But 20 years on, the killers of Leeds pensioner Isabelle Gray are yet to be brought to justice.
Reliant on a stairlift and mobility scooter, 82-year-old Miss Gray lived alone in a Victorian terraced house opposite Manston Park in Crossgates.
And it was in the kitchen of her home in Austhorpe Road that she was found dead on January 29, 1997.
A ‘meals on wheels’ worker had arrived at around noon and found the front door to the house closed but unlocked.
She was immediately suspicious and found her fears for the worst confirmed when she discovered Miss Gray’s body inside.
Injuries revealed during the post mortem examination pointed to a violent attack and a murder investigation began.
Detective Chief Inspector Jim Dunkerley, of West Yorkshire Police Homicide and Major Enquiry Team, said: “The murder of Isabelle Gray was a horrendous crime that shocked the community at the time and is still seen as a particularly sickening offence even after all these years.
“Isabelle was a frail and vulnerable pensioner who was subjected to a brutal and prolonged attack by criminals whose only concern was to find out where her money was.
“Once they had that information, they took what they came for and left her to die. The appalling callousness of those individuals speaks for itself.”
As the investigation progressed, police became convinced that Miss Gray had been the victim of travelling criminals.
Receipts were found at the house which suggested she had previously been targeted by cowboy builders.
It is thought that information about how she paid in cash and was vulnerable had reached those responsible for her murder.
An inquest in May 1998 concluded that Miss Gray had been unlawfully killed, almost certainly by bogus tradesmen calling at her door.
It heard how the intruders had placed her on a kitchen chair after the attack and left her there to die.
Miss Gray, who suffered from curvature of the spine, was found to have a fractured cheekbone and spine.
Timeline of events
January 27, 1997 – Isabelle Gray was last seen by neighbours at about 1pm as she returned home from a trip to nearby shops and parked her mobility scooter.
January 27, 1997 – It is believed two men call at the house at about teatime. Evidence suggests Miss Gray was assaulted in the hallway, dragged into the kitchen and forced to tell the men where she kept her money. A handbag was missing and cash was taken from a chest of drawers in the bedroom.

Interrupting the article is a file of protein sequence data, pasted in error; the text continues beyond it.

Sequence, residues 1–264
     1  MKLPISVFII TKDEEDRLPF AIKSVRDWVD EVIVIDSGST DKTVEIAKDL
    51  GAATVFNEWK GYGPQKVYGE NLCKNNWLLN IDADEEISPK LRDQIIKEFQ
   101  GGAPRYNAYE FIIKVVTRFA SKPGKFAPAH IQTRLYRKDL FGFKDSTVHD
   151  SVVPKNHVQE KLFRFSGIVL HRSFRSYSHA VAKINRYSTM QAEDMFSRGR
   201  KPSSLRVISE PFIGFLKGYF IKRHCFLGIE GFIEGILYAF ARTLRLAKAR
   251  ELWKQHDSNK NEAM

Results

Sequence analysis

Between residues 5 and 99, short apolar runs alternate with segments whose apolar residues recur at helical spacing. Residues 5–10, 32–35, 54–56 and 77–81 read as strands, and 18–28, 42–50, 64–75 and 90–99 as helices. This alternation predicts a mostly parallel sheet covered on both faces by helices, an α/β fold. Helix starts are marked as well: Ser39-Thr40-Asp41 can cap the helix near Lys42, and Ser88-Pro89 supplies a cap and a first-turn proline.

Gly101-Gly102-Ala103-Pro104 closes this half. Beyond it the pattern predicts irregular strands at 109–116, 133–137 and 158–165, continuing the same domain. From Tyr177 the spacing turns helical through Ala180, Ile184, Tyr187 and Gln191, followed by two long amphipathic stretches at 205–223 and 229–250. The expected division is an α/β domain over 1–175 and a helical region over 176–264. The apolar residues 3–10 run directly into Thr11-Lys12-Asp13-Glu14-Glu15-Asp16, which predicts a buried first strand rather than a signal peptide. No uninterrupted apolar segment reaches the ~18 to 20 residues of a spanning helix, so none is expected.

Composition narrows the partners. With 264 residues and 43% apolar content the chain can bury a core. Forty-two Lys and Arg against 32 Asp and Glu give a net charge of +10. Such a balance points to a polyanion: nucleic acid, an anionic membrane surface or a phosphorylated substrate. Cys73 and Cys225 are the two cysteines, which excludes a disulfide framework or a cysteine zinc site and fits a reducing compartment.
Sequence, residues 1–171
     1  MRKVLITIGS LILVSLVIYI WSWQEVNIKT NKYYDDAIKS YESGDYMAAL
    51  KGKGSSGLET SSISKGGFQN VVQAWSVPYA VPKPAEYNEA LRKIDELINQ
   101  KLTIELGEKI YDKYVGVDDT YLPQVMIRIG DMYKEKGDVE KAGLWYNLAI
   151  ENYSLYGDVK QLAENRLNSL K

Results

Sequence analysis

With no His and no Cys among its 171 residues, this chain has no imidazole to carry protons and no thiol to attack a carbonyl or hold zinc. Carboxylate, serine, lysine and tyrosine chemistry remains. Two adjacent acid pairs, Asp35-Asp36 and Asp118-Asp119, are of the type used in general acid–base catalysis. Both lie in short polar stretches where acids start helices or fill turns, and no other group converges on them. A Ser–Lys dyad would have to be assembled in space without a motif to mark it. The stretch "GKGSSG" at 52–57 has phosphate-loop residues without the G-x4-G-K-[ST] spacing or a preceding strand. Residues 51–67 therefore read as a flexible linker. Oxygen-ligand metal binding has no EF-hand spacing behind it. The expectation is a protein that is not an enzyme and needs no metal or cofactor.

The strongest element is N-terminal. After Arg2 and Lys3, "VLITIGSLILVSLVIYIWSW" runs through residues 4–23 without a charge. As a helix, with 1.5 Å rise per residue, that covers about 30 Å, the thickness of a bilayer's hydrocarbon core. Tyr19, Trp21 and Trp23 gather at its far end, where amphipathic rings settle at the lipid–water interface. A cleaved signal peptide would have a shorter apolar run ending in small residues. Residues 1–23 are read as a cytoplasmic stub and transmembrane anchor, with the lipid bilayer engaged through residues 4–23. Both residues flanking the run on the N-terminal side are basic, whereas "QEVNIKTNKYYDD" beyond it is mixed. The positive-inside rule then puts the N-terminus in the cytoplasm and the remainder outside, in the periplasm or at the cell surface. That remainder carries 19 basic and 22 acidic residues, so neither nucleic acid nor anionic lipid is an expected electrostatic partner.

January 28, 1997 – A woman from a ‘meals on wheels’ service arrived at around noon, finding the front door closed but unlocked. She found Miss Gray’s body in the kitchen.
The inquest heard her death was not treated as suspicious initially and it was only when the post-mortem examination revealed the extent of her injuries that the murder inquiry began.
A team of 24 officers was assigned to the case, but were unable to find her killers.
Det Chief Insp Dunkerley said: “Extensive enquiries were conducted at the time and over the years that followed, with a specific focus on distraction burglars and rogue traders, but the people responsible for Isabelle’s murder were not caught.
“Although 20 years has passed, the case remains under review and we would welcome any new information that could assist in identifying those responsible.”
The case was twice featured on Crimewatch during 1997, with a reconstruction staged of Miss Gray’s final movements.
An appeal in March that year prompted more than 100 calls to police in Leeds and at least 50 more to the BBC’s studio in London.
The second in December yielded another 80 calls with potential leads for officers to pursue.
Detective Superintendent Brian Steele said at the time: “I don’t think any names have been given, it is more a case of passing on information relating to travelling criminals. I am certain this was carried out by travelling criminals.”
The pensioner’s keys had been left on the stairs, something Det Supt Steele thought could be a quirky habit and might have been seen in other break-ins.
He believed footprints found on the floorboards of Miss Gray’s attic were also made by the pensioner’s killers.
During enquiries, officers were told about two men travelling in a white Transit Van who had called at a house in nearby Poplar Avenue two weeks before the murder.
They had asked the owner if they wanted their bushes pruning but were not seen in the neighbourhood again.
It was a case which loomed large for some time in West Yorkshire, inspiring campaigns to raise awareness of bogus officials and an innovative project to understand the psychology behind the crime.
The county’s force secured a Â£10,500 grant from the Home Office-funded Police Research Group in 1998 to support its work alongside psychiatrists and crime prevention experts.
And it was among around 50 ongoing and unsolved murder cases under review by West Yorkshire Police back in September.
Today Det Chief Insp Dunkerley renewed the appeal for information in the hope that the case could yet be solved.
“Over those two decades it is very possible that relationships or allegiances have changed and there may be someone who is now in a better position to pass on information that could assist the investigation,” he said.
“I would ask anyone who is in that position to search their conscience and provide that crucial information that will help us to bring those responsible for her murder to justice.”Anyone with information is asked to contact the Homicide and Major Enquiry Team via 101 or call the independent charity Crimestoppers anonymously on 0800 555 111.